Cross Pollinating Agricultural and Health Sectors Grows a Resilient Region
“It’s about creating local jobs. It’s a 22nd Century Evolution where farms can be brought back!” exclaimed local farmer Barry Thoele, at a Farmer’s Market on a windy, September afternoon. Beyond farmer’s markets, Barry is one of an increasing number of farmers who is getting his locally grown, healthy foods out to more of the regions residents through Sprout’s Growers and Makers Marketplace, a regional local food hub that houses an aggregation & distribution site, a processing kitchen, a demonstration kitchen and an indoor marketplace for retail sales. Sprout has grown from a seed of thought in 2009 with only a few growers and institutional buyers, to now more than 70 local growers supplying locally grown commodities and new markets to sell their goods.
Sprout is the outgrowth of the citizen-led Resilient Region plan facilitated by Region Five Development Commission (R5DC) from 2009 – 2011, focusing on stimulating growth of local foods, farming and arts to address regional critical issues such as out-migration, poverty, diet related disease and quality of life in our rural region. In 2010, HUD awarded R5DC a regional planning grant of $825,000 who facilitated inclusive conversations with over 600 diverse people and later served by over 50 regional champions to implement the plan. The team deployed the Distributed Leadership model and later evolved the local foods value chain through the WealthWorks framework to build upon regional assets. R5DC Executive Director Cheryal Hills explained that employing a wealth creation framework “took us from intuition to intention.”
Sprout’s founding farmer and manager Arlene Jones said recently that Sprout serves seven school districts (15,000 students), four hospital systems, and restaurants, retail and food service accounts in the region. Its 2016 revenue is on target to exceed 2015 by 48%. Most of that goes to the growers, she said, “Seventy percent of our total revenue is cost of goods sold, which equates to direct funds back to our growers and their family incomes.”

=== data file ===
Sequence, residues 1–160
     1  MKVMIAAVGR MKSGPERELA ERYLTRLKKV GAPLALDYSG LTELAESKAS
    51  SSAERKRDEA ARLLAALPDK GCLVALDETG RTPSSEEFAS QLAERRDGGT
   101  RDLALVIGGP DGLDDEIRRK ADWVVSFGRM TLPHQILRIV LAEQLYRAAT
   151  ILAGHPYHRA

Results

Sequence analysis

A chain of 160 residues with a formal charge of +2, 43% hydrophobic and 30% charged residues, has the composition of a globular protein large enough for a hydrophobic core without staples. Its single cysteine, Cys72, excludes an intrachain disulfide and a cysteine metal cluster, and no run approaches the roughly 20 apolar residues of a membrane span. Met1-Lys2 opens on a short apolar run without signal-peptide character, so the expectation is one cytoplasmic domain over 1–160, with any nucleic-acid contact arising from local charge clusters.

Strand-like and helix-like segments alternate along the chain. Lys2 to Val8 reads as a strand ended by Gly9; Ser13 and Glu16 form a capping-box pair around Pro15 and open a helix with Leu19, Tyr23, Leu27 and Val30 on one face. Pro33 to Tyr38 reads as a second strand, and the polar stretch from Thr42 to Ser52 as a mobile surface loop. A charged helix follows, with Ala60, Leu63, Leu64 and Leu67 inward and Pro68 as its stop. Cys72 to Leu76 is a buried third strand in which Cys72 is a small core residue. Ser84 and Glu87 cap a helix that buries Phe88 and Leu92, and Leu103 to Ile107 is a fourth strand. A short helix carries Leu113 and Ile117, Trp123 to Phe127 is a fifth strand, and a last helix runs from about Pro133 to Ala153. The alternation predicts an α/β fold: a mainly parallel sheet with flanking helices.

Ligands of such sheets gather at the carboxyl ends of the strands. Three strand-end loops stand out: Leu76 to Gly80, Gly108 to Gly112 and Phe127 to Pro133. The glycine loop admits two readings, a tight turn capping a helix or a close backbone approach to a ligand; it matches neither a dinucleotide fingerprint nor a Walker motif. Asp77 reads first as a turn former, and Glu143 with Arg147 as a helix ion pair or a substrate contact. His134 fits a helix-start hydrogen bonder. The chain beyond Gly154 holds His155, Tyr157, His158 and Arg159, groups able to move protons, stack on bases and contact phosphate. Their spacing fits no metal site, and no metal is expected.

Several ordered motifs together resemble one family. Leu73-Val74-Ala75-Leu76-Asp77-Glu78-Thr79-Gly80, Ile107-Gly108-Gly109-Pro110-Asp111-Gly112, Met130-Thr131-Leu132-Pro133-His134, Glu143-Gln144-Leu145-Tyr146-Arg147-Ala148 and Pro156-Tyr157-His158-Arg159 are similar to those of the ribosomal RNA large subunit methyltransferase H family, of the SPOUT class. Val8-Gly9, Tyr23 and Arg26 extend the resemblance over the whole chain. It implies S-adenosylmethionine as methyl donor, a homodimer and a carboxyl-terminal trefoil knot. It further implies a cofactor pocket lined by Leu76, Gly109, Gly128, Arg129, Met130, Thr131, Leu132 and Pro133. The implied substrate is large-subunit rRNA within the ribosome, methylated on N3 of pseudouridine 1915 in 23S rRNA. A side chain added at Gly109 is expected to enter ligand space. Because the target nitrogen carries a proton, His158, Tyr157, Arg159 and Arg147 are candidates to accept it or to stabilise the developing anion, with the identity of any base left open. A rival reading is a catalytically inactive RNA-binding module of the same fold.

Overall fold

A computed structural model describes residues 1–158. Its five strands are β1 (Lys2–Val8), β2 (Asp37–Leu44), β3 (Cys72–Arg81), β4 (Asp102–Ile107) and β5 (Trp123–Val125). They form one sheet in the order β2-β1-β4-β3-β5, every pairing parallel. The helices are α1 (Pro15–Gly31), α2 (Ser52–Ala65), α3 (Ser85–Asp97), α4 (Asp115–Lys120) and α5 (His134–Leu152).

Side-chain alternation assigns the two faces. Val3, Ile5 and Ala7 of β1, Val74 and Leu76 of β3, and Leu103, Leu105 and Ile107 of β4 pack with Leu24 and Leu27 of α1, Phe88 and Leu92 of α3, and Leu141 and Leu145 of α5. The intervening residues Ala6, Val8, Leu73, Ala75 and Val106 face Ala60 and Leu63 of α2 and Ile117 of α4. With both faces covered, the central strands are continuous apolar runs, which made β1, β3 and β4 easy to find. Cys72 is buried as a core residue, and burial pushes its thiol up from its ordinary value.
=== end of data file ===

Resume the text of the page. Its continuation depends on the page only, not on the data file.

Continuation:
One of the flagship programs created by R5DC and Sprout is “Choose Health”. This program broke down the silos of economic development; our Agriculture community and our health care institutions and public health professionals. A unique Doctor prescribed “CSA food prescription” that in its first year addressed the needs of 50 low – income food insecure families. The program provides healthy foods, recipes, food demonstrations and education to local families who have been identified by physicians at Lakewood Health System as food insecure to receive locally grown and raised commodities bi-weekly from Sprout’s Community Supported Agriculture (CSA). Participants go through pre and post health care screenings, receive nutrition education and recipes from the University of Minnesota Extension, and ongoing community referral and support from Todd County Public Health.
Today, the Choose Health model is being replicated in other regional hospitals such as St. Gabriel’s Hospital in Little Falls and CentraCare in Long Prairie. A local non-profit “Happy Dancing Turtle” is working with one physician in Pine River to replicate Choose Health with a consortium of new partners.
NADO awarded Choose Health in 2014 with their annual “Innovation Award.” In 2015, Choose Health was awarded The Minnesota Hospital Association and a Health Partners Innovation Award (Small Hospital Category). The Bush Foundation Innovation Award, $500,000, was received to expand the Choose Health Program and other initiatives directly related to local food production.